str_view v = str_view("Ala ma kota");
// Prints "Ala ma kota"
for(char ch : v)
    printf("%c", ch);

Individual characters can be read using overloaded operator[]. Alternative syntax is at() method. None of them perform range checking, for performance reasons.

First character can also be fetched using front() method, and last character is returned by back() method.

Pointed string can be copied to a specified destination array of characters using method copy_to(), or to an STL string using method to_string().

String views can be compared lexicographically using all comparison operators, like ==, !=, <, <= etc. There is also more powerful method compare() which returns negative integer, zero, or positive integer, depending on the result of the comparison. Comparison can be made case-insensitive.

str_view v1 = str_view("aaa");
str_view v2 = str_view("BBB");
int r = v1.compare(v2,
    false); // case_sensitive
// r is -1 because v1 goes before v2 when compared in case-insensitive way.

String view can also be searched and checked using methods: starts_with() and ends_with() (also supports case-insensitive comparison), find(), rfind(), find_first_of(), find_last_of(), find_first_not_of(), find_last_not_of().

Last but not least, because strings in a C++ program often need to end up as null-terminated C strings to be passed to some external libraries, the class offers c_str() method similar to std::string that returns pointer to such null-terminated string. It may be either pointer to the original string if it's null terminated, or an internal copy. The copy is valid as long as str_view object is alive and it's not modified to point to a different string. It is automatically destroyed.

str_view v = str_view("Ala ma kota");
str_view sub_v = v.substr(4, 2);
printf("sub_v is: %s", sub_v.c_str()); // Prints "sub_v is: ma"

Performance

Unique feature of this library is that a string view is "null-termination-aware" - it not only remembers pointer and length of the referred string, but also the way it was created to avoid unnecessary operations and lazily evaluate those that are requested.

  • If it was created from a null-terminated string:
    • c_str() trivially returns pointer to the original string.
    • Length is unknown and it is calculated upon first call to length().
  • On the other hand, if it was created from a string that is not null-terminated:
    • Length is explicitly known, so length() trivially returns it.
    • c_str() creates a local, null-terminated copy of the string upon first call.

Example 1: View created from a null-terminated string.

const char* sz = "Ala ma kota";
str_view v = str_view(sz);

// empty() peeks only first character. Length still unknown.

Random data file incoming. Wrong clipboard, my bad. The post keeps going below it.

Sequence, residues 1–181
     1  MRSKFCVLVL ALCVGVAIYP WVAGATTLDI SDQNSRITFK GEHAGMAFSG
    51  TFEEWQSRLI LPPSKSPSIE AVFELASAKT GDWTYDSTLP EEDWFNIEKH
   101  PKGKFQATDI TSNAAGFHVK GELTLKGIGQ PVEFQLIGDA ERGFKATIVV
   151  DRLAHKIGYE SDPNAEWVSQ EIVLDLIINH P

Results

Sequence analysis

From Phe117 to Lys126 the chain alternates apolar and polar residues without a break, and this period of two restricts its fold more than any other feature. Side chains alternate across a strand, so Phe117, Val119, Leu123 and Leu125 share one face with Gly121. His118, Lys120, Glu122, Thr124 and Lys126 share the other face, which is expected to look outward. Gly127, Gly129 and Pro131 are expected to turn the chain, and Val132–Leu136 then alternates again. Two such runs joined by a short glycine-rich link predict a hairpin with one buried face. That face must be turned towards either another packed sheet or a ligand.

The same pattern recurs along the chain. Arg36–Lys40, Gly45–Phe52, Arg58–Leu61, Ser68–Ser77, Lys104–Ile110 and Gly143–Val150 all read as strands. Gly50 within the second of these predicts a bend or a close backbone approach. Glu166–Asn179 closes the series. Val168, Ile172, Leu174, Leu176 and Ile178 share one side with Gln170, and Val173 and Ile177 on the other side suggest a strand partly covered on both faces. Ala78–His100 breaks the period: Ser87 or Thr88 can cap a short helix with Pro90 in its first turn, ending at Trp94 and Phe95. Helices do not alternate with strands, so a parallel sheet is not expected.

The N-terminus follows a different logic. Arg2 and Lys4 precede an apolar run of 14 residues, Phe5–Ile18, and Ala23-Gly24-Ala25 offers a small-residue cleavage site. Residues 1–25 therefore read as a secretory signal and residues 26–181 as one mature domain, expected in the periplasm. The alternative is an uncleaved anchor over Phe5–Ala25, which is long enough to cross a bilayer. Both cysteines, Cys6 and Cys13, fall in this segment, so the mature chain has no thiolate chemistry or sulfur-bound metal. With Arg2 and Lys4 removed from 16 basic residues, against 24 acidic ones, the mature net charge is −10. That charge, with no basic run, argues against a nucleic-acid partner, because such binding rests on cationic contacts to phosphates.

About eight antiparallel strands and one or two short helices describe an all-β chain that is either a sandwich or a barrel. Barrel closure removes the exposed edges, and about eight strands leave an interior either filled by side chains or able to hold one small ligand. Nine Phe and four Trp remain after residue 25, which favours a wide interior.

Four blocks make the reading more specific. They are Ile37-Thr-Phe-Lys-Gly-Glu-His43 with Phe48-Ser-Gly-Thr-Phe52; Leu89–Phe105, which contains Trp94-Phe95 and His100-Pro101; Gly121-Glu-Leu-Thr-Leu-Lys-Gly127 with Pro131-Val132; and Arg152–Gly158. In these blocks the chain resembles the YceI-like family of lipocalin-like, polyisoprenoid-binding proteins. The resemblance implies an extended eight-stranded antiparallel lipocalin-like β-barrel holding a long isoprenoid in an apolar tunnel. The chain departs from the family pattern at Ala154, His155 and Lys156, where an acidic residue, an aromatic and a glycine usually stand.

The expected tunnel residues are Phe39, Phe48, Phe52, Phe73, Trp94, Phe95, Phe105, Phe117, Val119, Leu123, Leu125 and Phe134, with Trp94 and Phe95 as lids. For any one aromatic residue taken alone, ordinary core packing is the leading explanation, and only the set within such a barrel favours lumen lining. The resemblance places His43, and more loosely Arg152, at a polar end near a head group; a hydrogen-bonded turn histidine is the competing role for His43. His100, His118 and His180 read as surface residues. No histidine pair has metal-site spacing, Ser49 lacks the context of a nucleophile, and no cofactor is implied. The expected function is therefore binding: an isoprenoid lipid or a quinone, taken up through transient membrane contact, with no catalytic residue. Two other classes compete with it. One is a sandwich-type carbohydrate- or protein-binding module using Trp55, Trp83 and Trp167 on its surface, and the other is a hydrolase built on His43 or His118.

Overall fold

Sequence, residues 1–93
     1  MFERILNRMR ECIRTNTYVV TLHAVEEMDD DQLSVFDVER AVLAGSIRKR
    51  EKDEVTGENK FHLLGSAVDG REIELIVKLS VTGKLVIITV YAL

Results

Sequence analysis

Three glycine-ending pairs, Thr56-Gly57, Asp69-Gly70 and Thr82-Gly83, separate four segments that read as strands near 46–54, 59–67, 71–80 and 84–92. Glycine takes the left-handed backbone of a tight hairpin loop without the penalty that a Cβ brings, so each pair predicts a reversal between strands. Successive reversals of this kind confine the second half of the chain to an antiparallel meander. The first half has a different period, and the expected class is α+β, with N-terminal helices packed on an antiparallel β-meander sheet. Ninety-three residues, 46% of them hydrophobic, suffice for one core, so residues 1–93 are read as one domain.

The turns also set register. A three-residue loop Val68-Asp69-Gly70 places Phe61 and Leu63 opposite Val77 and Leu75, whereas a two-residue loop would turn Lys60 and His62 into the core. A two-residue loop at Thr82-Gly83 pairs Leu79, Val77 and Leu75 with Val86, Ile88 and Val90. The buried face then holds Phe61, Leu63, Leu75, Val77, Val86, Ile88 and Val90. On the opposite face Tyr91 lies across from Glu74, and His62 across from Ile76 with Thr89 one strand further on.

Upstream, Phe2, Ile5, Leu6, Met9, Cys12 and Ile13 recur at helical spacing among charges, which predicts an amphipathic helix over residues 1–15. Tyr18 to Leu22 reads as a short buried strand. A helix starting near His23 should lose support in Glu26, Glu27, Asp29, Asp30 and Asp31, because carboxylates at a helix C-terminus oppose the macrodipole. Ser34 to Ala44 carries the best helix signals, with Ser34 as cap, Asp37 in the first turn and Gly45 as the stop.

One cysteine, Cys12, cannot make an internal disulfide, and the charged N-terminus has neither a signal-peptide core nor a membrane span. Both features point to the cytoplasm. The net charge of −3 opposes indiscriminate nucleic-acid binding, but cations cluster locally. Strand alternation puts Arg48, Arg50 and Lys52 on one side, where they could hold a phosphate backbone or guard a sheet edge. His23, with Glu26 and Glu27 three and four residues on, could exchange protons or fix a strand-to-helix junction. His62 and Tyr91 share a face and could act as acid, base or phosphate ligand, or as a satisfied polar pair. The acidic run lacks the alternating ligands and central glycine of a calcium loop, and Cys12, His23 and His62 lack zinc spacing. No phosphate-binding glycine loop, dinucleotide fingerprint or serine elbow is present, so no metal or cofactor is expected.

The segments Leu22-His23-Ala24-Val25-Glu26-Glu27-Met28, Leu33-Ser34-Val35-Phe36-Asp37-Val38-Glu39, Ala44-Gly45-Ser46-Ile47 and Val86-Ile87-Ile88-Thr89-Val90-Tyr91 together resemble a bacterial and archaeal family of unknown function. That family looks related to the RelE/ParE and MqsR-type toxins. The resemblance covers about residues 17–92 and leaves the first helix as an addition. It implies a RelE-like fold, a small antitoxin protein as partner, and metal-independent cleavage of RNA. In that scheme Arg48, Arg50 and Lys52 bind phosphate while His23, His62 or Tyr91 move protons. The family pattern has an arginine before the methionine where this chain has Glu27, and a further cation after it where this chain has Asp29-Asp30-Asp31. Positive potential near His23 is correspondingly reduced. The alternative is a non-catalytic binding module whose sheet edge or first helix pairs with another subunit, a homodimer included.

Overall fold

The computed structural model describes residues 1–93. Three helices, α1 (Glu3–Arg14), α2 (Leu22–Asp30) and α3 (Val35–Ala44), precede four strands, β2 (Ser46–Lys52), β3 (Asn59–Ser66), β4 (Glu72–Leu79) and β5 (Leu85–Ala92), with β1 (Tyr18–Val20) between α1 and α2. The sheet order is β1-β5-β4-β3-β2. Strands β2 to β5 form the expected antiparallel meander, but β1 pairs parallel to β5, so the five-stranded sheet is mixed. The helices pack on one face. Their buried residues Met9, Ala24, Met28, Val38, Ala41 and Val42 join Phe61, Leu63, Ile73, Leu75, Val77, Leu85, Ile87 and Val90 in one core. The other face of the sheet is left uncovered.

printf("Empty: %s\n", v.empty() ? "true" : "false"); // Prints "Empty: false"
// length() calculates length on first call.
printf("Length: %zu\n", v.length()); // Prints "Length: 11"
// c_str() trivially returns original pointer.
printf("String is: %s\n", v.c_str()); // Prints "Ala ma kota"

Example 2: View created from a STL string.

std::string s = "Ala ma kota";
str_view v = str_view(s);

// c_str() returns pointer returned from original s.c_str().
printf("String is: %s\n", v.c_str());
// Length is explicitly known from s, so empty() trivially checks if it's not 0.
printf("Empty: %s\n", v.empty() ? "true" : "false");
// Length is explicitly known from s, so length() trivially returns it.
printf("Length: %zu\n", v.length());

Example 3: View created from character array that is not null-terminated.

const char* sz = "Ala ma kota";
str_view v = str_view(sz + 4, 2);

// c_str() creates and returns local, null-terminated copy.
printf("String is: %s\n", v.c_str()); // Prints "ma"
// Length is explicitly known, so empty() trivially checks if it's not 0.
printf("Empty: %s\n", v.empty() ? "true" : "false"); // Prints "Empty: false"
// Length is explicitly known, so length() trivially returns it.
printf("Length: %zu\n", v.length()); // Prints "Length: 2"

This optimization also works with substrings:

str_view vFull = str_view("Ala ma kota");
str_view vBegin = vFull.substr(
    0, // offset
    3); // length

// Substring is not null-terminated. c_str() creates and returns local, null-terminated copy.
printf("String is: %s\n", vBegin.c_str()); // Prints "Ala"
// Length is explicitly known, so empty() trivially checks if it's not 0.
printf("Empty: %s\n", vBegin.empty() ? "true" : "false"); // Prints "Empty: false"
// Length is explicitly known, so length() trivially returns it.
printf("Length: %zu\n", vBegin.length()); // Prints "Length: 3"
str_view vFull = str_view("Ala ma kota");
str_view vEnd = vFull.substr(
    7); // offset

// Substring is null-terminated. c_str() returns original pointer, adjusted by offset.
printf("String is: %s\n", vEnd.c_str()); // Prints "kota"
// Length is still unknown. empty() peeks only first character.
printf("Empty: %s\n", vEnd.empty() ? "true" : "false"); // Prints "Empty: false"
// length() calculates length on first call.
printf("Length: %zu\n", vEnd.length()); // Prints "Length: 4"

Thread-safety

Despite lazy evaluation, the class is thread-safe. More specifically, const methods of a single str_view object, including length(), empty(), and c_str(), can be called simultaneously from multiple threads. They are synchronized internally using atomics.